When IWC celebrated its 150th anniversary last year, it unveiled a large line-up of commemorative watches, including the clever and well-priced Tribute to Pallweber digital jump hour (and also opened an expansive new factory). But there was one more anniversary that has been pretty much a company secret until now: the Mark XVIII gifted to staff members at IWC headquarters in Schaffhausen.
Over lunch yesterday, I spotted the Mark XVIII on the wrist of IWC museum curator David Seyffer. Given Dr Seyffer’s position – and access to some of the rarest and most desirable IWC watches – I was surprised that he was wearing the entry-level Pilot’s Watch.
But when Dr Seyffer handed the watch over, he explained, with an evident amount of pride, this was no ordinary Mark XVIII.
On the front, the watch has a 40mm steel case and metallic, dark blue dial that’s similar to a standard watch in the IWC Pilot’s Watch line-up. But on the back, it features the IWC 150th anniversary emblem, and just below that, the name of the employee who received the watch.
According to Dr Seyffer, it was chief executive Chris Grainger-Herr’s idea to gift each employee at IWC headquarters a watch as a token of appreciation for their contribution to IWC’s 150 years of success.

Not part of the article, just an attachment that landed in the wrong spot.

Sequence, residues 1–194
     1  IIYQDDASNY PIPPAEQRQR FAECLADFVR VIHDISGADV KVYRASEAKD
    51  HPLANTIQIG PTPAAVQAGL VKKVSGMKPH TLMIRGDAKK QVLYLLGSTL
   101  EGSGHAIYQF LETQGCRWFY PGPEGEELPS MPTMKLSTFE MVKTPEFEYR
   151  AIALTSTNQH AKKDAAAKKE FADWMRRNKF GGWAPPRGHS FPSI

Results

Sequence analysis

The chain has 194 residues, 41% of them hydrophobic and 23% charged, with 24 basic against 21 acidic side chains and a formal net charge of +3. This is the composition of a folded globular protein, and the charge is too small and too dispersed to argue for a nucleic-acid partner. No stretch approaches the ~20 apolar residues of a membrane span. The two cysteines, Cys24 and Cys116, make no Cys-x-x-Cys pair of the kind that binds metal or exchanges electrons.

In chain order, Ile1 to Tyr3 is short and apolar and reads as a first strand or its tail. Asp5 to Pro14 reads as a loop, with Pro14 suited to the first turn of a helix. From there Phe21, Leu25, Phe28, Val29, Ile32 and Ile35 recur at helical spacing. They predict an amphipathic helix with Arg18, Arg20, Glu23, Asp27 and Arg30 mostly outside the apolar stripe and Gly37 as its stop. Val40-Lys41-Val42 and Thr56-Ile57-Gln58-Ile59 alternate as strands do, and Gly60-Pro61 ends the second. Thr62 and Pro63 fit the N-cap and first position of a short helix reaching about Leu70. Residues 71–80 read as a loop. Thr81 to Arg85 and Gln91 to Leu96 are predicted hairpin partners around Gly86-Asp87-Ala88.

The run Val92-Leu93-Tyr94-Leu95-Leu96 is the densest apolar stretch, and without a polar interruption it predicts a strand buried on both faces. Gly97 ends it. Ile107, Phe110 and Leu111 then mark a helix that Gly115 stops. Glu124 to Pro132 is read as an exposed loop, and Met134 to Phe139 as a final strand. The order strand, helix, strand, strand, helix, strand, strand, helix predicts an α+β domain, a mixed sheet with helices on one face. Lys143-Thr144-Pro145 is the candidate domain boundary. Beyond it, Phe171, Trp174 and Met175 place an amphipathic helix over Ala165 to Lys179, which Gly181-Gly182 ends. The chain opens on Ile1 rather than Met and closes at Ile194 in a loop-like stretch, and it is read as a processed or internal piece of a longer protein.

Male employees were given a Mark XVIII on a black Santoni leather strap, while female staff members were given a Pilot’s Watch Automatic 36 on a steel bracelet. The total number produced is unknown, but IWC has about 700 employees in Schaffhausen and its new factory nearby.
Though both watches are the entry-level models in their respective categories, both are currently in the catalogue and bestsellers, as opposed to being discontinued or slow moving, which means the gifts are meaningful.
While luxury watch companies often get bad press for being, well, luxury watch companies, gestures like this remind us that graciousness and generosity does exist in the business.
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